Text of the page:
Exploring Punalu’u, Hawaiʻi’s Famed Black Sand Beach

Here’s a good article on Punalu’u Beach by Discover Hawaiʻi. This is a favorite stop on the Big Island Circle Tour.

Guests to the Hawaiʻian islands dream of marvelous beach fronts with clear waves that rip past the sands of the shore. Pictures and advertisements may depict the tan sand that flows into Hawaiʻi’s clear waters, but little do many guests know, Hawaiʻi is home to famed beaches that aren’t the norm. Meet Punalu’u, the famed black sand beach in Hawaiʻi. Punalu’u is the most famous black sand beach on the Hawaiʻian islands, but not the only one. It’s grown in popularity and notoriety due to it’s beauty, but also for being a premiere destination where guests can spot endangered Hawksbill turtles and green turtles that are on the shore. Besides the black sands and wildlife, what else is a black sand beach like? Can you engage in the beach activities available on the other parts of the island? Are any other beach details different? Guests will be excited to know that while the beach may have a different color sand and some unique features, a black sand beach is just as accessible and welcoming as any other. Let’s take a look at what Punalu’u has to offer:

A Beach is a Beach

Despite the change in color, Punalu’u and all other black sand beaches are just like any other beach. Visitors can engage in swimming, snorkeling, coastal hikes, camping (a permit will be necessary in most places), and picnics. Not to mention surfing, bodyboarding, and all of the other beach activities one can think of. Everything is still fair game. Punalu’u has black sand because it is made up of pitch-black fragments of lava and basalt that was created from lava that flowed toward the ocean and exploded as it reached the ocean to cool. Since the sand is colored black, the area can get rather hot during the day time. If you a setting up camp at Punalu’u, it’s best to place your gear underneath one of the shaded palm trees to avoid the hot sand. The entire beach is lined with coconut palm trees, so it should not be too difficult to find a location.

Safety is Still a Priority

As with many of the other beaches on the Hawaiʻian islands, it’s encouraged to be careful when going in the water, because there may be strong currents. No matter what beach you are visiting, you should never enter the water if there is a high surf. These scenarios are dangerous and will exacerbate the risk of drowning or putting yourself in danger. This rule applies to all beaches that you visit, not just Punalu’u. It’s very common for tourists to drown in waters simply for lack of understanding of the waves and ocean. We recommend always following the advice and suggestions of the locals, and the rules that have been set for the particular beach you are visiting.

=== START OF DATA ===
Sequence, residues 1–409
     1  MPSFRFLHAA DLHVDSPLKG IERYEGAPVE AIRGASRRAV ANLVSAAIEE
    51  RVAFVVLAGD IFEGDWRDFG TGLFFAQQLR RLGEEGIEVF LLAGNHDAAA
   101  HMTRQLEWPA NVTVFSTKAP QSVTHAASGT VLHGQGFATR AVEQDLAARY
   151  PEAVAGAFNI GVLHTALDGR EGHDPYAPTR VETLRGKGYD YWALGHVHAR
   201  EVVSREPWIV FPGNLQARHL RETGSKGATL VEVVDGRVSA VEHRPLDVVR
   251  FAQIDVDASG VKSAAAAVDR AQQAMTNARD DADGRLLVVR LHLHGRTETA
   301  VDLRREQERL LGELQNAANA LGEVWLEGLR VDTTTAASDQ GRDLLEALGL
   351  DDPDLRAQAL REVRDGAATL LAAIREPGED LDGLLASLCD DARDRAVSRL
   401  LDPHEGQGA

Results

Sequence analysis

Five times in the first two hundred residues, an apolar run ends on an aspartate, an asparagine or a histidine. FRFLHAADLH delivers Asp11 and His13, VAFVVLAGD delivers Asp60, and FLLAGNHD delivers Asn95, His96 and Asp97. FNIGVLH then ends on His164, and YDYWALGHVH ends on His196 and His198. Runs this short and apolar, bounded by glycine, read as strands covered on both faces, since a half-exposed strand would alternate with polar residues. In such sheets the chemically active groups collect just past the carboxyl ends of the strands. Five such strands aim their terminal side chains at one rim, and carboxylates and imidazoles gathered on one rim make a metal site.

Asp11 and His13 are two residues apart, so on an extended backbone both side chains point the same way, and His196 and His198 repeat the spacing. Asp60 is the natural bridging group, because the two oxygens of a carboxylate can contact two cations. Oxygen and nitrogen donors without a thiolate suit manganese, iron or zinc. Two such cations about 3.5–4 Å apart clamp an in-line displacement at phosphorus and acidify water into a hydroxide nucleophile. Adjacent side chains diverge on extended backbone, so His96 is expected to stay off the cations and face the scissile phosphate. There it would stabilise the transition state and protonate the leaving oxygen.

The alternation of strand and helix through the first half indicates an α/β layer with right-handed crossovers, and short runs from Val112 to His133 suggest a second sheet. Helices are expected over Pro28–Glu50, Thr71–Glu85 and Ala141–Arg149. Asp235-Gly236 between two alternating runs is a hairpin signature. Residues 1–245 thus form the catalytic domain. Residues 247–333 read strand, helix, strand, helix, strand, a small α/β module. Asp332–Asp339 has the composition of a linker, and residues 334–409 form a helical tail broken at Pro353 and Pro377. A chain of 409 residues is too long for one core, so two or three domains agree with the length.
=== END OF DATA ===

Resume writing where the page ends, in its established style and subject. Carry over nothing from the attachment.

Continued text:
Don’t Let the Water Confuse You

Swimming can cause some trouble due to the rocks in the area, but it is allowed and doable. Guests are encouraged to be safe and consider the dangers, but as we’ve mentioned previously, any unique rules and regulations will be noted at the beach. Simply follow the instructions or signs you see when you arrive. Guests may be confused when they see some discoloration in the water at Punalu’u, because the water can often appear though it is the color of gasoline. This simply occurs due to the black sand of the beach. The waters at Punalu’u are also known for being rather cold.

Sights at Penalu’u and Endangered Species

Aside from green sea turtles and other endangered turtles, guests of Punalu’u will see a number of other endangered species. It’s common to spot native birds near the shore and cliffs as they fly above the sea toward their nesting colonies. Guests will also spot the endangered Hawaiʻian hawk that claims the trees above Punalu’u as its nest. Offshore at Punalu’u, guests frequently spot Spinner Dolphins and humpback whales. Sightings of Hawaiʻian monk seals have even be reported. So many sightings of endangered and rare wildlife means that Punalu’u has a healthy environment with the right resources to support large marine animals.

The Wetlands

A series of wetlands fed by basal springs is located at Punalu’u and Ninole Cove. This wetland is the second largest spring complex on the entire Hawaiʻian islands. The springs and pools at the wetlands are home to many juvenile and recruits of marine invertebrates and fish. Many believe that these wetlands are nursery area for these animals off of Hawaiʻi’s southern coast.


Punalu’u Beach has gained a lot of notoriety for its koa, a Hawaiʻian word that means “fish houses.” Here at these koa, many species of fish live in specific areas offshore. Offshore of Punalu’u Beach has become a perfect destination for these species of fish due to the spring fed waters that mix with the salt water ocean. Many of these Koa are still used by local fisherman today. Fish found in these locations include yellowfin tuna (ahi), and mackerel (ono or wahoo.)

Punalu’u in Popular Culture

The song “Black Sand Beach” by japanese guitarist and actor Yuzo Kayama was recorded in the 1960’s in honor of the beach. This is a surf rock song that many have to come to recognize solely for its reference to Punalu’u Beach. The song continues to be played by Yuzo Kayama and the Launchers, Takeshi Terauchi and Blue Jeans, The Ventures, and The Aquatides.

A Sight to See

It isn’t everyday that visitors to the Hawaiʻian islands have the opportunity to see a black sand beach. Not only is the beach unique, but the various plants, wildlife, and endangered species that inhabit Punalu’u are worth the visit alone. Since Punalu’u retains the activities that make the beach worth visiting, like snorkeling, swimming, and relaxing on the sand, guests will get the best of both world’s. Punalu’u Beach is a top the list of recommendations for anyone traveling to the Hawaiʻian islands.


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